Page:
Albert Camus: An Invincible Writer
Despite having died over 60 years ago, Albert Camus’ writing remains as startlingly relevant as if he had written them yesterday. Even his photograph has become iconic, his image synonymous with intellectualism and French ennui. Over the years, his books have been misconstrued as depressing and nihilistic. They often raised uncomfortable questions and touched on universal truths. Many things we do in life can be futile, but it is within our power to choose to live and live our lives to the full. His own life was full and varied and cut short far too soon. Here is a short round-up of some Albert Camus facts that you might not know.
He was raised in Algiers by a French mother. Algeria was a French territory from 1830 to 1962. Both his parents were French and Camus himself was French citizen as well. His family were quite poor. He won a scholarship to a lycée (French high school), which he attended part-time whilst supporting himself with various jobs. During this time he lived with his uncle, who was his first introduction to Philosophy and writers such as Nietzsche. He went on to receive a degree in Philosophy at the University of Algiers.
He was in the French resistance during the Second World War. He was unable to join the French army due to teenage tuberculosis, so he joined the resistance and worked as a journalist in Paris. He was the editor of a banned journal, Combat. He continued to work there after the war and his writing brought him a lot of fame and notoriety in Europe and the USA.
He was award the Nobel Prize for Literature in 1957. At 46 years old, he was the second youngest person to ever receive it, the youngest being Rudyard Kipling at 44 years old. He used the prize money to fund a stage play, his adaptation of Dostoyevsky’s Demons.
He died at the age of 46 in a car accident, along with his publisher. They were en route to Paris when they struck a tree. Their families had travelled separately by train. The unusual circumstances surrounding the accident has lead some to speculate that he was killed by the KBG, due to his outspoken criticism of the Soviets and totalitarian communism. It has never been conclusively proven.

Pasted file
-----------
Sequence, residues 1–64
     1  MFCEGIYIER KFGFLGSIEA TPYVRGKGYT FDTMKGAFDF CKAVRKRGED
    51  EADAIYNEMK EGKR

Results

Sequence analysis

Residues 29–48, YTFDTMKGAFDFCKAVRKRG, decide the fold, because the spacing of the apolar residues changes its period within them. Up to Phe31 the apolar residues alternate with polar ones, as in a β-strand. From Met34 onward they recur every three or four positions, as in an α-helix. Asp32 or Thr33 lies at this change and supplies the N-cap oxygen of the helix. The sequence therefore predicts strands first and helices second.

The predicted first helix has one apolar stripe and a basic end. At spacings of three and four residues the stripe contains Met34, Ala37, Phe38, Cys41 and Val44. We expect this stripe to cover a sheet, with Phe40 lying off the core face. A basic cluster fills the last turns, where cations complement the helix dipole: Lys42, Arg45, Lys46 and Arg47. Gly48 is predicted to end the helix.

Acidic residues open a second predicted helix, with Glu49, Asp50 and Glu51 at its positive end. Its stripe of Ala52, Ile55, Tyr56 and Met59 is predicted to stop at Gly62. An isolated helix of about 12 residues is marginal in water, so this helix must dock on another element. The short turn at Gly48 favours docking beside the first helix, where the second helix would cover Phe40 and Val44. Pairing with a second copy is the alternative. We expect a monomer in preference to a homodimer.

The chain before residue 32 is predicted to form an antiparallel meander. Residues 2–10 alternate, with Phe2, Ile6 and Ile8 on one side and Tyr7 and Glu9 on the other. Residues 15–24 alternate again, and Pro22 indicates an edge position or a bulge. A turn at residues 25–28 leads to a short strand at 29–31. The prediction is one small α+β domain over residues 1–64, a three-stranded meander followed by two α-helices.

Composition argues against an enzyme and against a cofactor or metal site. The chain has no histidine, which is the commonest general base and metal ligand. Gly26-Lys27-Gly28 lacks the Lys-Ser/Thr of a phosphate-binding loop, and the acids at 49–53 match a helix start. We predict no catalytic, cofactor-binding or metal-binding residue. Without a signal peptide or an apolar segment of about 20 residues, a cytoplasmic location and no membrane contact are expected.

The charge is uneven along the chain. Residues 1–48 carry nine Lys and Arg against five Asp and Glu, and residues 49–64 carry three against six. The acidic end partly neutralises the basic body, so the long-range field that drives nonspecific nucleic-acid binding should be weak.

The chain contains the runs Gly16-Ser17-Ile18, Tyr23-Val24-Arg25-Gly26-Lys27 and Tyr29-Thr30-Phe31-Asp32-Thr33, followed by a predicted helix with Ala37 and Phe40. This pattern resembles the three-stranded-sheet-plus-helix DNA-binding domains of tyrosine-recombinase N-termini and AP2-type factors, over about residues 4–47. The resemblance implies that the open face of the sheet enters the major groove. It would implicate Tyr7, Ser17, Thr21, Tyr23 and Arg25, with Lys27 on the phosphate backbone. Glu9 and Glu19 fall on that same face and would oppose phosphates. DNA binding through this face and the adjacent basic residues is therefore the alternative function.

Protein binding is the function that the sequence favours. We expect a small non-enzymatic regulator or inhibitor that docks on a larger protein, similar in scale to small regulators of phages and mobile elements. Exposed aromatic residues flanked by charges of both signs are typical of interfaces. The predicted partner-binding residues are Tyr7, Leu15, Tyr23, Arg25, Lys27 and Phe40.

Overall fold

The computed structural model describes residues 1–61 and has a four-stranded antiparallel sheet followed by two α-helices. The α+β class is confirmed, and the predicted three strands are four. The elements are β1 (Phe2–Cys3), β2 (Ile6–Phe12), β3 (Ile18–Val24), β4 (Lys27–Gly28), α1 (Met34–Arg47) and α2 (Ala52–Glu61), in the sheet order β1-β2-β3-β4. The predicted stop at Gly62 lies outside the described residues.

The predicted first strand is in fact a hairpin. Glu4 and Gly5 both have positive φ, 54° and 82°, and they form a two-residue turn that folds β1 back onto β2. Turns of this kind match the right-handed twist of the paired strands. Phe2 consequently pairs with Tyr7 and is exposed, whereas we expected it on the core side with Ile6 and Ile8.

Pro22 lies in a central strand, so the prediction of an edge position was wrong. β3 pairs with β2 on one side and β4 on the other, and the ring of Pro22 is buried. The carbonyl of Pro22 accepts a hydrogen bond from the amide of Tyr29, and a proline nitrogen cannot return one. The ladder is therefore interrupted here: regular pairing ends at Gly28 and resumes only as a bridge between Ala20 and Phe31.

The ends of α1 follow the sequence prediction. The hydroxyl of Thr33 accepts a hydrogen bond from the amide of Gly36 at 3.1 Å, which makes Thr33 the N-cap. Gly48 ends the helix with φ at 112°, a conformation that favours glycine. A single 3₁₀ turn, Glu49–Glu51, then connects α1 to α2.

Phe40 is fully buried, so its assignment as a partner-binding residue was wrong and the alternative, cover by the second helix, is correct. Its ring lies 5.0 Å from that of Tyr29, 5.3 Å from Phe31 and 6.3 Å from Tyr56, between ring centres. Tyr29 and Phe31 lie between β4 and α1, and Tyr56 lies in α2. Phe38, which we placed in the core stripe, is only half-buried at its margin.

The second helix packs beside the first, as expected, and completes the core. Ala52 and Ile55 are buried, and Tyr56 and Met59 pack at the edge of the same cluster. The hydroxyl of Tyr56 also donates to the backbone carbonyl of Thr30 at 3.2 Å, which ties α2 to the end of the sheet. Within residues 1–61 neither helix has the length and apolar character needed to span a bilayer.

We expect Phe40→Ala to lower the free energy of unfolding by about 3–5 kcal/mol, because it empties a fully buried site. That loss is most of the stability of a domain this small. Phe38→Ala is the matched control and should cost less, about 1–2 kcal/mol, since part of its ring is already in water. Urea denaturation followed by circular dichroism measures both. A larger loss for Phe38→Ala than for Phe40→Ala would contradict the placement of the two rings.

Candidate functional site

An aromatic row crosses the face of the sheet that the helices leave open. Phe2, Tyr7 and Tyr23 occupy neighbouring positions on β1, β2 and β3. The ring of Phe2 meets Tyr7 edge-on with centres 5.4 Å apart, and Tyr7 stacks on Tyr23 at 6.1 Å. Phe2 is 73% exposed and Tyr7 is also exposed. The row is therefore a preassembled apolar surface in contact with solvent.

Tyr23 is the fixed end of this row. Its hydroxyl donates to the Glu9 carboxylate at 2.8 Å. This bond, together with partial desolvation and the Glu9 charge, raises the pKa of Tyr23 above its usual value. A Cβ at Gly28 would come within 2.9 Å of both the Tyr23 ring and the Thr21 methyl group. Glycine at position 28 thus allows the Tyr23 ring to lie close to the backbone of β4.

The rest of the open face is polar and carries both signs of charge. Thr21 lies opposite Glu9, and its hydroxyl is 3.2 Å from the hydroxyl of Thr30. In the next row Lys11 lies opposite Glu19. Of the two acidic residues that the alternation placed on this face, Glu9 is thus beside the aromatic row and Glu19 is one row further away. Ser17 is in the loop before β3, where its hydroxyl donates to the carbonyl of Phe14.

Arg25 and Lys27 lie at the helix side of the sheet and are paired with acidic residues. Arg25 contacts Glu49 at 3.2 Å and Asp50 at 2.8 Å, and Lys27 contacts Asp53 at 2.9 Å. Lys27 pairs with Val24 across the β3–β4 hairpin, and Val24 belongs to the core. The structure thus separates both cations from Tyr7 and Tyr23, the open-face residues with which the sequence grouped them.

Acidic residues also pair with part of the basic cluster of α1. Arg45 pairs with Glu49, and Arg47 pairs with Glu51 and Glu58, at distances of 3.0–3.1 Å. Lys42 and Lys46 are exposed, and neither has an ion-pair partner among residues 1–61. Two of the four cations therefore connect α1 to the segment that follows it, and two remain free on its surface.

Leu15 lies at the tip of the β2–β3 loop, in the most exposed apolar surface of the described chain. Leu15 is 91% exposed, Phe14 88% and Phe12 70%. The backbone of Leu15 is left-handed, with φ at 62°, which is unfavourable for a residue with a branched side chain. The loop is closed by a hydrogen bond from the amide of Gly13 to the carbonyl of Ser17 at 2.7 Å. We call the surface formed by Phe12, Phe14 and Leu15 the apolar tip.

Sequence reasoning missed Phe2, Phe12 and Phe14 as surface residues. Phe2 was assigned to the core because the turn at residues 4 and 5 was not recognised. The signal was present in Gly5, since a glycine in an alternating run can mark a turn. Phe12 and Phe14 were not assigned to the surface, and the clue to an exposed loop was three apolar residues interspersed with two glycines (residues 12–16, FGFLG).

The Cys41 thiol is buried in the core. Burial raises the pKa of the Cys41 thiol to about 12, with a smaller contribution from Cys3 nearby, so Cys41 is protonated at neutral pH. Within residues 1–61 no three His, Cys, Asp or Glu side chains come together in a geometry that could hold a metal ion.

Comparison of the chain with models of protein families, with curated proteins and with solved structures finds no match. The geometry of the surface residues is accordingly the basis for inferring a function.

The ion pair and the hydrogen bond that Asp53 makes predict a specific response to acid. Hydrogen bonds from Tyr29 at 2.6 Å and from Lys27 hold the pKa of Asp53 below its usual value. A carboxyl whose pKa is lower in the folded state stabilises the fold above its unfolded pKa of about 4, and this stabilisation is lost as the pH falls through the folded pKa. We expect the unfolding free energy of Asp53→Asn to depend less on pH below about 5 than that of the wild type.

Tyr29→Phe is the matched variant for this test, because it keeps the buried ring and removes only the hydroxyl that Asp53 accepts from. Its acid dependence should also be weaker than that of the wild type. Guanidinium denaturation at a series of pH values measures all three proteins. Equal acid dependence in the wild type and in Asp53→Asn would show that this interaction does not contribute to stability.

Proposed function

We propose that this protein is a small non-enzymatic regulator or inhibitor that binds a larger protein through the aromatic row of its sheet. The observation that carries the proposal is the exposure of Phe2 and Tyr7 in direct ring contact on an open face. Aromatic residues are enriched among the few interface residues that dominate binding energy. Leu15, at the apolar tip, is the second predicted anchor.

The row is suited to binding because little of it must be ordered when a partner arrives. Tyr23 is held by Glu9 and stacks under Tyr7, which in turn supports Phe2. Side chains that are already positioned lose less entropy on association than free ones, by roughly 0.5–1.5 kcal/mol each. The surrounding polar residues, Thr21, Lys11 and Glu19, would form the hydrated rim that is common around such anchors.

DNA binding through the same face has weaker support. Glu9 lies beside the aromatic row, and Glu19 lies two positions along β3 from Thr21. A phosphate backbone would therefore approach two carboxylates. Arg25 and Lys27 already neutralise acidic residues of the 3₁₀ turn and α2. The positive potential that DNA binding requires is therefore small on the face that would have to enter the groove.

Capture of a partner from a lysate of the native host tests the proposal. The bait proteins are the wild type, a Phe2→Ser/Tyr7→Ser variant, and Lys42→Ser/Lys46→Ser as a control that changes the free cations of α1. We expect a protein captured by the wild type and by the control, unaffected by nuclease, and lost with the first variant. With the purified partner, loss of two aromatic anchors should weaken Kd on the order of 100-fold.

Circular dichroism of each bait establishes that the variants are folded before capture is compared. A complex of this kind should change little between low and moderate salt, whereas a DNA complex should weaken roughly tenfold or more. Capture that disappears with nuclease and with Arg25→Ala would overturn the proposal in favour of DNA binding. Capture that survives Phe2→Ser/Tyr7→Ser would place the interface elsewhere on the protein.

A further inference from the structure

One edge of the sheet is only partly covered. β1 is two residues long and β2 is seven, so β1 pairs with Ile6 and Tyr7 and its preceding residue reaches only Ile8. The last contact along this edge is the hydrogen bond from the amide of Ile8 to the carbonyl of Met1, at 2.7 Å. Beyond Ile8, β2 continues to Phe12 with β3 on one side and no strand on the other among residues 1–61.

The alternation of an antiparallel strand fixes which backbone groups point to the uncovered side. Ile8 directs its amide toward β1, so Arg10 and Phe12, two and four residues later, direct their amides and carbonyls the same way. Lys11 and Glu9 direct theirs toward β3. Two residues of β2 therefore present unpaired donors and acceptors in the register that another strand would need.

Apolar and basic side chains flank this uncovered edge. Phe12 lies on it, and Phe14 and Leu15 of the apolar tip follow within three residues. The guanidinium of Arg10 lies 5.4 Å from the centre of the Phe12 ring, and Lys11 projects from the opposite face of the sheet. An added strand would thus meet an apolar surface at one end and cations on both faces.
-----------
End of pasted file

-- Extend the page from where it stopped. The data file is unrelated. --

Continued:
He is usually labelled an Existentialist, although he himself rejected that label often. One of his of his most famous works, The Myth of Sisyphus, was in part a criticism of some aspects of Existentialism. His views and writings reflected more the philosophy of Absurdism: the conflicts raised by the human need to seek meaning and ascribe value to life, and the difficulty of arriving at any conclusions with certainty. His book The Stranger follows a day in the life of a man whose life seems to have lost any apparent meaning. The protagonist’s violent act is absurd in its meaninglessness, and therefore his life has become in itself, absurd.
He is often mislabeled as pessimist and a Nihilist. While it is true that Camus explored the possibilities of human life with no inherent meaning, he posited that humans should embrace the absurdity of existence and the freedom that affords us to ask questions, to choose a life of our own instead of one that has been determined for us and to revolt against the oppression of the human spirit. His central question was, in an absurd world, why should we continue to live? Camus doesn’t tell us why. The reasons are ours to choose.
Some of my favourites inspirational quotes of Camus:
“In the midst of winter, I found there was, within me, an invincible summer.And that makes me happy. For it says that no matter how hard the world pushes against me, within me, there’s something stronger – something better, pushing right back.”
“Don’t walk in front of me… I may not follow
Don’t walk behind me… I may not lead
Walk beside me… just be my friend”
“The only way to deal with an unfree world is to become so absolutely free that your very existence is an act of rebellion.”
“Blessed are the hearts that can bend; they shall never be broken.”
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